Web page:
U.S. official accuses Ukraine of lying about 2008 arms shipments to Sudan

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Dec. 10, 2010, 12:46 a.m. |

A Soviet made T-72 tank is offloaded from the MV Faina ship at the port of Mombasa, Kenya on Feb. 14, 2009. The crew of a Ukrainian ship MV Faina, captured by Somali pirates, were welcomed home as heroes the day before after being held hostage for 19 weeks. The ship’s cargo of 33 Soviet-era T-72 tanks and 14,000 rounds of ammunition was offloaded in Kenya. While Ukraine and Kenya said the shipment was for Kenyan armed forces, U.S. diplomatic cables released by WikiLeaks show that that final destination was the government of South Sudan, in possible violation of international sanctions imposed because of a genocidal civil war there.
© (AFP)

The U.S. had satellite imagery that proved Ukraine lied about shipping arms to southern Sudan, according to a U.S. State Department cable published Dec. 8 by WikiLeaks. Arms exports to war-torn Sudan are carefully watched, and under UN embargo to the Darfur region, the scene of alleged genocide.

Sudan is on the U.S. list of state sponsors of terrorism, which bans arms sales to the country. Southern Sudan is largely autonomous from the north since a 2005 peace agreement ended a 50-year war.

Two Ukrainian arms shipments were made in 2008 to Kenya, but the final destination of the weapons, which included Soviet-era tanks and other weapons, was the government in southern Sudan, according to the cable.

The account of meetings between Vann H. Van Diepen, a U.S. deputy assistant secretary of state, and senior Ukrainian officials in November 2009 also detail how American diplomats raised concerns that Ukraine:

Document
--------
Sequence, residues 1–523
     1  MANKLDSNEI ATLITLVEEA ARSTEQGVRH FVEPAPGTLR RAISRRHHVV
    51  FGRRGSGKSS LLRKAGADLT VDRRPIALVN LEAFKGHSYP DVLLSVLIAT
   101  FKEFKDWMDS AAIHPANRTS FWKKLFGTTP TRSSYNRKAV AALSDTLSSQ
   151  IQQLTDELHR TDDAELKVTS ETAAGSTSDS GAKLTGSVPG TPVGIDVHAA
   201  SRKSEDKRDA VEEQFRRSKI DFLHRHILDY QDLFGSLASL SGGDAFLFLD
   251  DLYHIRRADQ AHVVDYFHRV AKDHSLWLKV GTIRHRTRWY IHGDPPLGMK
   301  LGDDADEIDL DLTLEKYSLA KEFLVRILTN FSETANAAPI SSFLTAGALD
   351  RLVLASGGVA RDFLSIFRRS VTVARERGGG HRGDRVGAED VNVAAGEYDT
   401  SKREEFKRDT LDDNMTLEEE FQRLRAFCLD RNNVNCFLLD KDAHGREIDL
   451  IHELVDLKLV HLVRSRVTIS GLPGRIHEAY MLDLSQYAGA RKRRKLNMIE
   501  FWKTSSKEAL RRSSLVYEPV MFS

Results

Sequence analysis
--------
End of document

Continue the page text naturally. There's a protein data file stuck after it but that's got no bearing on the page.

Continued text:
1. intended to sell missile systems to Saudi Arabia capable of delivering weapons of mass destruction;
  2. continued to exports parts, albeit in reduced quantities and not completed weapons, to the military dictatorship in Myanmar;
  3. was not intervening in the sale by Ukrainian entities of specialty metals for Iran’s ballistic missiles.
Kyiv’s export of arms hit the headlines when M/V Faina, a boat carrying a shipment of 33 Ukrainian T-72 tanks, as well as grenade launchers, armored vehicles and small arms, was captured by Somali pirates in September 2008 en route to Kenya.

According to the account of the meeting in the cable, Ukraine claimed the weapons on board this and an earlier shipment were destined for Kenya, but Van Diepen produced a copy of a contract that showed the arms were destined for southern Sudan.

The Ukrainian side “held to this line, questioned the authenticity of the contract, and asked if the U.S. had any better evidence,” whereupon Van Diepen “showed the Ukrainians satellite imagery of T-72 tanks unloaded in Kenya, transferred to rail yards for onward shipment, and finally in South Sudan.”

“This led to a commotion on the Ukrainian side,” the author of the cable noted laconically. Ukrainian officials claimed they couldn’t be held responsible for the actions of Kenya.

Van Diepen reminded the Ukrainians that Sudan was on the U.S. list of state sponsors of terror and rebuked the Ukrainian side for lying. He added that the U.S. “would have to consider whether to impose sanctions for the tank transfer, and that a factor in U.S. deliberations would be whether the [government of Ukraine] was being truthful.”

Speaking to Kommersant daily newspaper, Serhiy Bondarchuk, the former head of Ukrspetsexport, a state-owned company specializing in weapons-trade, who was present at the meeting, confirmed that the conversation did take place.

Bondarchuk noted, however, that Ukrainian officials requested that their counterparts provide them with the satellite images to confirm their authenticity, which the U.S. side refused to do.
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